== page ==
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The dental and oral health industry is no less immune to the needs of our planet than any other. In this series of interviews, the European Federation of Periodontology is exploring what our partners are doing to help fight climate change.
In this interview, we talk to Christoph Ramseier, a periodontist and doctor based in Bern in Switzerland.
Christoph prefers prevention over cure. “As studies reveal, the journey for both the employees and the patients, from home to the dental practice and back is actually having the greatest CO2 footprint.”
“If the dental practice is reachable through public transport, that would be an excellent opportunity to tell patients to take public transport.”
Research data shows it is outside the dental practice where the emissions are. Christoph, however, believes there is much more you can do to reduce emissions and waste inside the dentist itself. Paperless digital dentistry and low emission light bulbs, using less water and dental materials produced nearby, are all doable and a good thing.
What about lengthening the interval between appointments? Christoph says “We should do more preventative measures rather than therapeutic measures.” Moreover, having a good rapport with your dentist is key to keeping them out of the surgery! How so?
Teledentistry needs to play a bigger part without compromising the dentist’s income stream.
According to Christoph it is about relationships. “The connection between the dentist and the patient needs to be looked at. It is like capital; it makes the patient call or email the dentist and that is more economic. Modern technology will be a part of the connection between the dentist and the patient. It does not replace the appointment but increases the rapport.”
Patients will have to see that a teledentistry appointment is worth paying for, in the same way as actually visiting the dental practice. To protect income, big organisations such as the World Health Organisation (WHO), dental associations and insurers need to make teledentistry an official activity.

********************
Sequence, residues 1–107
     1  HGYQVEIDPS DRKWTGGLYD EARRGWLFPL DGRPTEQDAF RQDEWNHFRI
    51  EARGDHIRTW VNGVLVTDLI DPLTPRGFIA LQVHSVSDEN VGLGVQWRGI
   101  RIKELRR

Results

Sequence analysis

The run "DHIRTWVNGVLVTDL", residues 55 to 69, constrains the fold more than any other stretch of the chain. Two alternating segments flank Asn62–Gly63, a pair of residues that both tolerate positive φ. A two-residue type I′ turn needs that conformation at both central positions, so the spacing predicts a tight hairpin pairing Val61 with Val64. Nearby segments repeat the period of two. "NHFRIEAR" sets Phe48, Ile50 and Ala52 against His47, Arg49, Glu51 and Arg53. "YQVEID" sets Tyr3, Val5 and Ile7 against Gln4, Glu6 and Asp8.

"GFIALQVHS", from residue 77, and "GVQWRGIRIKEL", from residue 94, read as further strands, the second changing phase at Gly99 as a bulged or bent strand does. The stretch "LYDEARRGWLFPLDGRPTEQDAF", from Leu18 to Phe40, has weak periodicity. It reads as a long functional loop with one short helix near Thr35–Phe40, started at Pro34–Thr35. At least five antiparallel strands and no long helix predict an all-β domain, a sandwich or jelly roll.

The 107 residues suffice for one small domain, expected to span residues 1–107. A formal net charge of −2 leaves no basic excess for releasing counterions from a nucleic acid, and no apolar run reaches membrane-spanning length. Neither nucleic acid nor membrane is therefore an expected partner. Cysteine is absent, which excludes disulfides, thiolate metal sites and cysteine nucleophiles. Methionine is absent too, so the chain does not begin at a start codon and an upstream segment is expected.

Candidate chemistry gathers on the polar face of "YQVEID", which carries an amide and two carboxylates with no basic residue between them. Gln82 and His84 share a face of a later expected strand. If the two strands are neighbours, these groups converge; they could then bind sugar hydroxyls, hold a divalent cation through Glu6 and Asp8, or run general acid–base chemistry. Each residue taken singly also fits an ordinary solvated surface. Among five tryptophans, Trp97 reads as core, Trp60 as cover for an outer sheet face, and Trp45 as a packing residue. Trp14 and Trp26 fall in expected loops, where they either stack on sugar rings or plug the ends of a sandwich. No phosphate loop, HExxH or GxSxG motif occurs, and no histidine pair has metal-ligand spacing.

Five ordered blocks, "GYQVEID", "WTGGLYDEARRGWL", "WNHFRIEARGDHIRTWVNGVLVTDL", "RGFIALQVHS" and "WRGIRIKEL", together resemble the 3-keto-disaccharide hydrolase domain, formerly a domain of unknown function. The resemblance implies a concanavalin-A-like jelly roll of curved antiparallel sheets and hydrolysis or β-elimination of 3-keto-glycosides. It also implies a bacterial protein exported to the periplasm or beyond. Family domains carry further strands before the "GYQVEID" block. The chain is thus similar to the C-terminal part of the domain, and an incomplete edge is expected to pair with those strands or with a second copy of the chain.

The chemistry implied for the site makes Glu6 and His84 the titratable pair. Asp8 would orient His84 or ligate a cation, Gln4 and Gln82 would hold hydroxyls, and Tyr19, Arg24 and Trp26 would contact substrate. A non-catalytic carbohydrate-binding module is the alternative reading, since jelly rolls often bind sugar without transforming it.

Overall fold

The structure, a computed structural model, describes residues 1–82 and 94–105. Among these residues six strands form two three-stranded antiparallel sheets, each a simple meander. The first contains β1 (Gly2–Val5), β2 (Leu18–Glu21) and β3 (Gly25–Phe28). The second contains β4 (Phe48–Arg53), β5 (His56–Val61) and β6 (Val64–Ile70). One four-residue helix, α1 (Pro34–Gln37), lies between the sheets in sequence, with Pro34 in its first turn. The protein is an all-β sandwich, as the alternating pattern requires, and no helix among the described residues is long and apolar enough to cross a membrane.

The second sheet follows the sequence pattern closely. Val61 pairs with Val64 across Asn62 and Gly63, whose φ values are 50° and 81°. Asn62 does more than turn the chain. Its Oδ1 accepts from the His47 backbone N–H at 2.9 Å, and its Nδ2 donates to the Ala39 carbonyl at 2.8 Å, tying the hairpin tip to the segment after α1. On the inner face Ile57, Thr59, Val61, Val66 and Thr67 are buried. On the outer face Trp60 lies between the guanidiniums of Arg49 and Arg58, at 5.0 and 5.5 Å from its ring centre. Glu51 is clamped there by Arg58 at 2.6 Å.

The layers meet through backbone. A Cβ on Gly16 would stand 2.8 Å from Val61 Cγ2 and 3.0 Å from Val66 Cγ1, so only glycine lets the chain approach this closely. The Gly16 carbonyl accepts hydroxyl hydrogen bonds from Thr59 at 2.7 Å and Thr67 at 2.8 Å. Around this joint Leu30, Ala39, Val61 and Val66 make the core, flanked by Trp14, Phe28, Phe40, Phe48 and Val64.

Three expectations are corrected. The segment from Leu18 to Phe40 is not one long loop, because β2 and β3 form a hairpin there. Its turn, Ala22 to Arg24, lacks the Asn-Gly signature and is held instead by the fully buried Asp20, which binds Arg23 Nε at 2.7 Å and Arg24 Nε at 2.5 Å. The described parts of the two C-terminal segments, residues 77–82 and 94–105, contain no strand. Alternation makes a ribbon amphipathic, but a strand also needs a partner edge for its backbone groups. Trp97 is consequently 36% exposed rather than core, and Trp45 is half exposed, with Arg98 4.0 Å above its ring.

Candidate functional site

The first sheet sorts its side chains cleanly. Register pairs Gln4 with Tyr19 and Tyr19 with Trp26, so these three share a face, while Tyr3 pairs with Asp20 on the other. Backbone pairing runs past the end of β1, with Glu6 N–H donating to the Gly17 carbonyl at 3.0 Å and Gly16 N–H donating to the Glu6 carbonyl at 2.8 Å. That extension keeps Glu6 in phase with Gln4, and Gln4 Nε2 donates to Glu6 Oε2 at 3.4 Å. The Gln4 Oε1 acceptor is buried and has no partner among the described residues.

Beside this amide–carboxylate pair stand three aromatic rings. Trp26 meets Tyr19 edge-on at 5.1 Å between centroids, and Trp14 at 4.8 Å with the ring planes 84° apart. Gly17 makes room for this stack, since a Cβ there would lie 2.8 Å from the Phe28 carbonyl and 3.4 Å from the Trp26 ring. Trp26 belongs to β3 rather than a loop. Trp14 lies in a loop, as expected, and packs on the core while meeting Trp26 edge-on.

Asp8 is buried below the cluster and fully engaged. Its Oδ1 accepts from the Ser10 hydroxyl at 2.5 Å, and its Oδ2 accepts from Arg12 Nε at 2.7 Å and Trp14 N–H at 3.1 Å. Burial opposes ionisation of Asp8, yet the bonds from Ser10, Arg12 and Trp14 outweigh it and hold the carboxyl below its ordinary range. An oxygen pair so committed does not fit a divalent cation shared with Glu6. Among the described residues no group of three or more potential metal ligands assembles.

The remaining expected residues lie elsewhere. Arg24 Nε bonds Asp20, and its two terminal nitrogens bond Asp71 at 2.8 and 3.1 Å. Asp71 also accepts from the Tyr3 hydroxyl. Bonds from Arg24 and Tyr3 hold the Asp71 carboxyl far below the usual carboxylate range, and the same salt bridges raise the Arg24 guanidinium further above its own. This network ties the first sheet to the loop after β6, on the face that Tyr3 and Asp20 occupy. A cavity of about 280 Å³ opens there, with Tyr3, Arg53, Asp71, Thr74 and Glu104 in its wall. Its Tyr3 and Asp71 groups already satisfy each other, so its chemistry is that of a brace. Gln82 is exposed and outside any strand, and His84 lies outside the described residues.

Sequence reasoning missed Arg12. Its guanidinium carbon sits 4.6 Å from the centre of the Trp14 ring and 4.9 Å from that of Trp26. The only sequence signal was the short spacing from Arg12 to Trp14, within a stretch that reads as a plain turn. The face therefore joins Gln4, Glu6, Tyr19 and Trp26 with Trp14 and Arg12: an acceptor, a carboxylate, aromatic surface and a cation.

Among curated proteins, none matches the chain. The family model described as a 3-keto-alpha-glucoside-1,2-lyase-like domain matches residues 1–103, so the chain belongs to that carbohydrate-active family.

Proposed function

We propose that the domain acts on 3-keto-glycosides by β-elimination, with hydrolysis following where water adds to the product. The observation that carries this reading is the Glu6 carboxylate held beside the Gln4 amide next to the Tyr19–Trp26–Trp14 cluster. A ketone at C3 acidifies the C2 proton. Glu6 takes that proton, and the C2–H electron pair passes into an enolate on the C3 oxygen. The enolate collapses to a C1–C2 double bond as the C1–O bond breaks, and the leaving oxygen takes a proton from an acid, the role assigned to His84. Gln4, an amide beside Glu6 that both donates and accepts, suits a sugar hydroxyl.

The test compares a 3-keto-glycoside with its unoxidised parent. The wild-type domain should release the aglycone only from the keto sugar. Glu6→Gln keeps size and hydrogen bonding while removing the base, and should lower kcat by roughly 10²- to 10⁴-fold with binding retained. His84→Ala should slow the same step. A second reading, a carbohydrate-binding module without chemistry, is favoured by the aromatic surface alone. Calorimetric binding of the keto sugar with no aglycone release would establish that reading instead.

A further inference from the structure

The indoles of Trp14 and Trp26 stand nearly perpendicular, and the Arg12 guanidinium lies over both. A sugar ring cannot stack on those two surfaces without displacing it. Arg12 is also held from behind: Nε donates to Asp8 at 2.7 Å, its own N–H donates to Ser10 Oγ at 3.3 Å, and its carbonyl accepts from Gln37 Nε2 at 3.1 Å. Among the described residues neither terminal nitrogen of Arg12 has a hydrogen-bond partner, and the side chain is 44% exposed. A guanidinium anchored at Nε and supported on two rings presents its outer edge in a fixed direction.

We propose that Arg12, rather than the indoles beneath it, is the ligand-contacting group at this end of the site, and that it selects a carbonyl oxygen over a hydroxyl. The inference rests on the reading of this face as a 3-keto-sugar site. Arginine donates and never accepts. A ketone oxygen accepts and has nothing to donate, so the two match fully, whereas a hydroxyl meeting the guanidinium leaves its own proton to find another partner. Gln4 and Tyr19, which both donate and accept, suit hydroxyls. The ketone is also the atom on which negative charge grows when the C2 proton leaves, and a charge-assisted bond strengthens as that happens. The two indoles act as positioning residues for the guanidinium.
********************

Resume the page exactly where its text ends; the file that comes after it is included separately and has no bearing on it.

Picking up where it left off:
Research is needed, believes Christoph.
Changing behaviour is also crucial. “Behavioural change isn’t often achieved in one session or one day. Remote sessions about flossing, brushing effectively etc don’t take long; fifteen, twenty minutes… By supporting patients to improve their oral hygiene in a teledentistry session rather than in the dental practice may be very effective and sustainable too.”
Another key for Christoph is sustainability certification. There needs to be several, perhaps between six and 10, simple criteria for a dentist to achieve a meaningful certificate. These could include, for example, encouraging the use of public transport, low emission lighting in the surgery, recycling of materials and more. The certificate wouldn’t last forever, with authorities checking for re-certification every two to four years. This would pose an administrative challenge, and you would need to police fraud and mal-practice for example. “I do believe that the certification approach would be best applied or implemented top to bottom.” says Christoph. “If policy makers at the WHO or EU level put certification into their guidelines, then dental associations could use that both nationally and locally.”
In Switzerland, where he practices, there is a logo with a little tooth covered by an umbrella. Any company wanting that logo on their packaging must do a test in a lab, measuring saliva pH value. “Chewing or eating their product mustn’t allow the pH level to drop below a certain threshold.”
A simple test that must be passed and cannot be challenged. The reason? Low pH equals acid, and acid rots teeth!
For Christoph, the dentist, sustainable dentistry is about reducing car journeys, digital dentistry, rapport and certification.